The nucleus of the manor of CLITTERHOUSE was a house and one carucate held by John de Langton in 1321 (fn. 146) and by his younger son Robert in 1335. (fn. 147) Robert's son and namesake held it in 1361, when it was called the manor of Hendon, and successfully defended his tenure against Ralph de Langton, his uncle. (fn. 148) In 1371 Robert de Langton conveyed it to Adam de Walton and his daughter Joan, (fn. 149) who married Robert Derby of Liverpool. The estate was conveyed to Joan and Robert in 1382 (fn. 150) and by them to Richard of Foxton, clerk, and Walter Norman, chandler, (fn. 151) who in 1383 granted it to Hugh Winkburn and Isabel his wife. (fn. 152) Isabel afterwards married Henry Lynch and granted it in 1403 to John Winkburn, her son, Thomas Ardynton, John Carter, and others. (fn. 153) John Winkburn quitclaimed his interest to Ardynton and Carter in 1408, (fn. 154) the others already having done so, (fn. 155) and after Ardynton's death in the same year John Carter granted the estate to William Loveney and other feoffees. (fn. 156) They granted it in 1428 to Robert Warner, citizen of London, (fn. 157) who conveyed it in 1429 to Thomas Pynchon, Henry Frowyk, and others, (fn. 158) from whom the manor was acquired in 1439 by St. Bartholomew's hospital. (fn. 159) The hospital's property in Hendon was augmented in 1446 by two near-by estates granted by Henry Frowyk and William Cleeve, master of the king's works. (fn. 160) The first, called Vynces, lay north of the Clitterhouse estate and the second, Rockholts, lay south of the road to Childs Hill. The manor was held of Westminster abbey (fn. 161) and was retained by St. Bartholomew's in 1547, when the hospital was vested in the Corporation of London. (fn. 162) Manorial rights had lapsed by 1771. (fn. 163) The estate, diminished by the encroachments of the Midland Railway's Cricklewood carriage-sidings in 1868, (fn. 164) remained the property of St. Bartholomew's hospital until 1921, when it was sold to the War Department; (fn. 165) it was later split up among private developers.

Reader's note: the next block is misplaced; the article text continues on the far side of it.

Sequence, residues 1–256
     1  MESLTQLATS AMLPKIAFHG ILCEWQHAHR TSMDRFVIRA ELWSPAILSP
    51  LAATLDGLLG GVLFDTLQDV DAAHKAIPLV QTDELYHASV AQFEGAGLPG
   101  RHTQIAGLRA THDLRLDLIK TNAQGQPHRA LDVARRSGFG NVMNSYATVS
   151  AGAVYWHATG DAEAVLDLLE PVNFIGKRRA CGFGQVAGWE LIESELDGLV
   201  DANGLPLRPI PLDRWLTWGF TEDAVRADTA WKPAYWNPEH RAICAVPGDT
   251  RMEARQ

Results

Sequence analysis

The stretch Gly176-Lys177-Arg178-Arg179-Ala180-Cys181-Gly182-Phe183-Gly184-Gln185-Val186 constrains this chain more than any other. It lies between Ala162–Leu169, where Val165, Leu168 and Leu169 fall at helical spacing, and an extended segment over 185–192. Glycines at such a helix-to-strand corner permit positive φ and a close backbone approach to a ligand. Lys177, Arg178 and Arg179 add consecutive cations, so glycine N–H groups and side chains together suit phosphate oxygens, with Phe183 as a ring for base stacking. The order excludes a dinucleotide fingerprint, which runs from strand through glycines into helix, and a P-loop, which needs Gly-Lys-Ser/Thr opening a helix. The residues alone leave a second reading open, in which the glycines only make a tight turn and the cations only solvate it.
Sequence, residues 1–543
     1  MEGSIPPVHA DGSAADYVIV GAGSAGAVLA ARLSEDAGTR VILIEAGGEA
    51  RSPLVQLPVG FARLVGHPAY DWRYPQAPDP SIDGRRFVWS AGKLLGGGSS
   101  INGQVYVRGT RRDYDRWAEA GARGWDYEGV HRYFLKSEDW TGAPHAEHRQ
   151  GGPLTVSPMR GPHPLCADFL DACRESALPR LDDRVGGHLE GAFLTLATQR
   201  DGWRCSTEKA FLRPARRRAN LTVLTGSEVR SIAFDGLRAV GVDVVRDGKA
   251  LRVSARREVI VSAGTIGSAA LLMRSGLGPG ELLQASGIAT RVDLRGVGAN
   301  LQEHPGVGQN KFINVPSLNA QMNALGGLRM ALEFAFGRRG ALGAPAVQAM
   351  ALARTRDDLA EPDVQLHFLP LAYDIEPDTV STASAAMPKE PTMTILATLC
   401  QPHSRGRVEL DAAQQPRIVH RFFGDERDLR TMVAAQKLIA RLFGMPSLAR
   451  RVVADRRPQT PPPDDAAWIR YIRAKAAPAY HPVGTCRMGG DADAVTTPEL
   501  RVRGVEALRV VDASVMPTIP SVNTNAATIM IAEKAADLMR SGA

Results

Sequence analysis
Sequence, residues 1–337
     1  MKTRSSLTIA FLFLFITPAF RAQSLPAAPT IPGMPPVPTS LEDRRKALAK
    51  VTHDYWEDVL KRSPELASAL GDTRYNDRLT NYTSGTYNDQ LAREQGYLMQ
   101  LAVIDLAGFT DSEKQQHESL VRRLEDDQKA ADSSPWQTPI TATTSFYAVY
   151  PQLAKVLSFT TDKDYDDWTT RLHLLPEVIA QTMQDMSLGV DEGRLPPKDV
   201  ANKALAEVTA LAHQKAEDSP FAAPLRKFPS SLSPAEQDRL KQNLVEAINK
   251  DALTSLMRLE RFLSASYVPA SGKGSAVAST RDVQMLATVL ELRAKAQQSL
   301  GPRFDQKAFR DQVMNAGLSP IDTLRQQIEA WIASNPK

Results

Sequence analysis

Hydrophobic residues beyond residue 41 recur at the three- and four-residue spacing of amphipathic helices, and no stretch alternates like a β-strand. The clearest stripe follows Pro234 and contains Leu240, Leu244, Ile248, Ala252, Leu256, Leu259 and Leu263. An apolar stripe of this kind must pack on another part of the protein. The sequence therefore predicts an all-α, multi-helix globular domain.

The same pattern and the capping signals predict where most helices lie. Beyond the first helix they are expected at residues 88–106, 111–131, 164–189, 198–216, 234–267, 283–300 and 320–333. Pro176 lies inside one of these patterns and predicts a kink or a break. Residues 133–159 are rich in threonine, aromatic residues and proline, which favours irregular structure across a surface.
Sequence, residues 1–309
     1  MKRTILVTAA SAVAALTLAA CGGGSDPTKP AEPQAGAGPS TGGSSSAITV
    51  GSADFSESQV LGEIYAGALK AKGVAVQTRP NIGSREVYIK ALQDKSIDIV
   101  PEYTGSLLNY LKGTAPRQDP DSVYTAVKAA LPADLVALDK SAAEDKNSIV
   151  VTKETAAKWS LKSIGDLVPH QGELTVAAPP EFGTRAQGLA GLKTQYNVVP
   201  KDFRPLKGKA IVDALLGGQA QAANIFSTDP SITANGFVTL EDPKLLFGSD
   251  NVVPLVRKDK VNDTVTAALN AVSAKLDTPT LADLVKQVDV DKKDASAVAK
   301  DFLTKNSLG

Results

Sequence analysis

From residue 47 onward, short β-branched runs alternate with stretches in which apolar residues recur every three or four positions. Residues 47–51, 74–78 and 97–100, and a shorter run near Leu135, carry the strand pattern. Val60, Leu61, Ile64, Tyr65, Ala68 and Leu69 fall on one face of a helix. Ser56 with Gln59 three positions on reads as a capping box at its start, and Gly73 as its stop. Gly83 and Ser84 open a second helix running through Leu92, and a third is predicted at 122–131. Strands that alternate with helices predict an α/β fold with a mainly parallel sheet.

In 1584 the estate was managed as one farm, called Clitterhouse, consisting of 118 a. of arable and pasture and 80 a. of wood, in a compact block in the south-west of the parish by Edgware Road near Cricklewood. (fn. 166) It remained intact until the mid 19th century. The farm-house, near the modern Hendon football club grounds in Claremont Road, was shown in 1715 (fn. 167) as a large timber-framed building of two storeys, with three gables and a jettied first storey. It occupied one side of a courtyard, on the other sides of which were weatherboarded barns of the standard Middlesex type, with steeply pitched roofs, and stables. Alterations were carried out after 1794 (fn. 168) and by 1838 another farmhouse had been built on the site. (fn. 169) The 19th-century building had been converted into flats by 1974. (fn. 170)